Christmas Walking

With all that food and alcohol going around, a Christmas walk can really help settle your stomach (and give you an excuse for pudding!). If you’re heading out into the cold, why not bring your dog too? This could be as simple as a walk round the local park, or a big trip to the seaside. Remember it may well be pretty cold – long-coated dogs like Huskies and German Shepherds will probably be warm enough, but thinner-coated dogs like whippets and Labradors might enjoy a coat or boots. Don’t forget high visibility collars or coats if you are out in the evenings. 

Be wary of travelling if it is icy on the roads. Dogs should be kept secure with doggy seatbelts or in carriers. Don’t leave them alone in cars as the temperatures can drop dramatically quickly. 

Playing in the snow, if we’re lucky enough to get some, is great fun! Just remember that your dog will get colder quickly, especially if their fur gets damp. Keep playtime outside short, and have a towel with you to dry their fur.

When you get home, always rinse their paws with water – the salt used to grit the road can irritate their paws. Dry them thoroughly again using a towel or hair dryer and get the heating on! 


Everyone loves opening a present or two – while dogs and cats probably won’t understand what a present is, it’s understandable we want to treat them too. There’s a huge range of things you might get your pet, ranging from edible treats like those mentioned above, new beds or blankets, toys and games or accessories.

Money is tight for many of us this year, so there are ways to keep costs down (and avoid excess waste too). This might mean buying products second hand from a charity shop or swapping with friends. You could also try making your own presents – there’s lots of recipes online for pet-friendly treats, or you can get creative and make a puzzle feeder. Remember that treats don’t have to be physical either – you could reward them with a trip to the beach or park, a grooming appointment or just a really good fuss.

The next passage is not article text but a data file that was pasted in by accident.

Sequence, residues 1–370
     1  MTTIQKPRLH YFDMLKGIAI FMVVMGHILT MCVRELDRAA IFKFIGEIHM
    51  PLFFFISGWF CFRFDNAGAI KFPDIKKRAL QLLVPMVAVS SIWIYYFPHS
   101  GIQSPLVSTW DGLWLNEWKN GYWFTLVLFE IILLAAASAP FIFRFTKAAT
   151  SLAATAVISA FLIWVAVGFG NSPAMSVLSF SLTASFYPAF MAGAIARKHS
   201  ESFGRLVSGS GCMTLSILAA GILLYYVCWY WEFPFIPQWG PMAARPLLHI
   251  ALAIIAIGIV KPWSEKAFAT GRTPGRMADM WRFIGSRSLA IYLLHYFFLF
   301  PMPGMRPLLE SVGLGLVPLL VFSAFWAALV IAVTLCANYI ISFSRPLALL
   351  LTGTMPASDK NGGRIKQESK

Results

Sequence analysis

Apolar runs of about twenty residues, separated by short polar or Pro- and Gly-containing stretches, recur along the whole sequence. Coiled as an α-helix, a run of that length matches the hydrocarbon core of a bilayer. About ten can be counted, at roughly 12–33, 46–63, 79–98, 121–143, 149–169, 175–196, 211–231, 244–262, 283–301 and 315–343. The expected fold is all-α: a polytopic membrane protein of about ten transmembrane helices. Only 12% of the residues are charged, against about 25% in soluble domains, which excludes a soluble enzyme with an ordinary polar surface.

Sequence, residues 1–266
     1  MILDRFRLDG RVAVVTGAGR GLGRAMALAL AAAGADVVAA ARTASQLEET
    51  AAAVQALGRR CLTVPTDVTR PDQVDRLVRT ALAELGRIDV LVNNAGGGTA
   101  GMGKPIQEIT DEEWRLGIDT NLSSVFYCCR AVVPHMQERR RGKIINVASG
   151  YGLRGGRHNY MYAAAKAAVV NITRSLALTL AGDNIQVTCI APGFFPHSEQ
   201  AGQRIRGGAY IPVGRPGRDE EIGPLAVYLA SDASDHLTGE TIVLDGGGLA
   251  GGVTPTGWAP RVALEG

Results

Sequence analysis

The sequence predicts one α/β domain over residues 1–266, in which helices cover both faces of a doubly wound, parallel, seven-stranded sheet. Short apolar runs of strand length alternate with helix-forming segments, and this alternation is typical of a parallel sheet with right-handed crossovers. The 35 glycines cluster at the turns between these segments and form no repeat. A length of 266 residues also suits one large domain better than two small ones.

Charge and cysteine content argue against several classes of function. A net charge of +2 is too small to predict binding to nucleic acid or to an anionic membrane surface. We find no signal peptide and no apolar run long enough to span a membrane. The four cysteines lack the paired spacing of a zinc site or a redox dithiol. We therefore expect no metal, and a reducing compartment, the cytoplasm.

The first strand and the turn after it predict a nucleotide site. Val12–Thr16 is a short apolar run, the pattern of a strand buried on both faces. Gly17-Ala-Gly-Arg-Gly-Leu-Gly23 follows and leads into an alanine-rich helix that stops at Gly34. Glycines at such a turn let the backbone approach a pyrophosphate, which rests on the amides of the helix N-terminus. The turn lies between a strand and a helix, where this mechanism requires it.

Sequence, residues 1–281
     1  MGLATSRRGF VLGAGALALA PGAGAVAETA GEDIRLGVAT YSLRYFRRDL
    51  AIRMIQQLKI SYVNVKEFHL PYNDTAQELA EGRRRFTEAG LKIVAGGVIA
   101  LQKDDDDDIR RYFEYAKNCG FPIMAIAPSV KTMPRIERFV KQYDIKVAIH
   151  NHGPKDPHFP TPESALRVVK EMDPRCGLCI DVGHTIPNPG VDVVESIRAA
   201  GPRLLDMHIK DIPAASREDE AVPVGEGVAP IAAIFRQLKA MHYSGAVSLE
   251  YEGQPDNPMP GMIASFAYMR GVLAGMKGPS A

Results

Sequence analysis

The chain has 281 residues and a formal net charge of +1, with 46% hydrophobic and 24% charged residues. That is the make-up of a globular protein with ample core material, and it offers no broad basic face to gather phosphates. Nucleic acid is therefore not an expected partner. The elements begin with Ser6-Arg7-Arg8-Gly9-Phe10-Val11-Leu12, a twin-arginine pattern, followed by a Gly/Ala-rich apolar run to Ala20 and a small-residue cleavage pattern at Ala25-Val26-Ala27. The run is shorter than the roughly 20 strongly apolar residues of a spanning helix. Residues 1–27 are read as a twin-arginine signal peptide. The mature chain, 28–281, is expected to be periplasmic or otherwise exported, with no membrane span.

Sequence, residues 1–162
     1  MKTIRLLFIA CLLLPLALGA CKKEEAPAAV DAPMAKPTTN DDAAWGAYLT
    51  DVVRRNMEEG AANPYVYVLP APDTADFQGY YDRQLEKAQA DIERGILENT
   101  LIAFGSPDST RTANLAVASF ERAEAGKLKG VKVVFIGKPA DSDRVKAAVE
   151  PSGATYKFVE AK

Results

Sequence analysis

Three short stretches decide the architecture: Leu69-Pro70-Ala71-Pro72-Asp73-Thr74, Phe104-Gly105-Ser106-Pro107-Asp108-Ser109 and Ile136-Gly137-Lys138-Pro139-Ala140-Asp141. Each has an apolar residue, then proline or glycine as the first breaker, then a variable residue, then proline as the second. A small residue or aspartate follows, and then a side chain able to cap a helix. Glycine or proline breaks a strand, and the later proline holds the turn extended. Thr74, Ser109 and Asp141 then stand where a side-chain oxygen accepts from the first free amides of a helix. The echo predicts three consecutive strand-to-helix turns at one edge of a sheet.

It’s probably best to avoid wrapping presents if you can, since ingested wrapping paper can cause blockages. Definitely avoid string, ribbons and Sellotape too. 


We thought we’d throw in a little aside about Christmas outfits, since they seem to be all the rage this year.

While some pets love the attention they get from wearing outfits, and some may genuinely not mind, there are plenty that might be uncomfortable. If you desire to get them an outfit, introduce it slowly, ensure they seem comfortable and are happy. Start small with a bow tie for their collar or a hat, rather than a whole outfit.

The outfit itself should be loose and not restrictive, made of a comfy material and fire retardant. Ideally avoid things with long strings that could get caught or swallowed. And be prepared for it to be destroyed if your pet isn’t a fan! Again, thrifty people might be able to make their own outfits out of old clothing.

Keeping them Calm

If you follow our above advice and prepare well in advance, hopefully your pet will not become too stressed on Christmas. However, if you are concerned that they will be overwhelmed with the noise and crowding, or have had a bad experience last year, there are options available.

Plug-in pheromone diffusers (especially Adaptil and Feliway) are a good starting point. These release calming scents into a room and can often be bought from pet shops. They don’t work for all pets, but can be a good calming agent. Combining these with a safe space, as discussed above, is a good idea.

Actual prescription drugs are also available from your vet, but you should have a conversation with them first about what is right for your pet, the risks and benefits of the product, and other strategies. Two drugs licensed for noise-phobia in dogs are oral dexmedetomidine (a sedative) gel, and imepitoin sedative tablets. Other products that may work for anxiety are gabapentin, butorphanol or trazodone. All should be used with caution and are not a replacement for training, preparation and other calming methods. They may also not be safe to use in very young or old animals, or those with certain diseases. 

And above all…

Have a very Merry Christmas, to all in your household, whether on two legs or four, with skin, hair, feathers or scales!

You might also be interested in:

Leave a Reply

Your email address will not be published. Required fields are marked *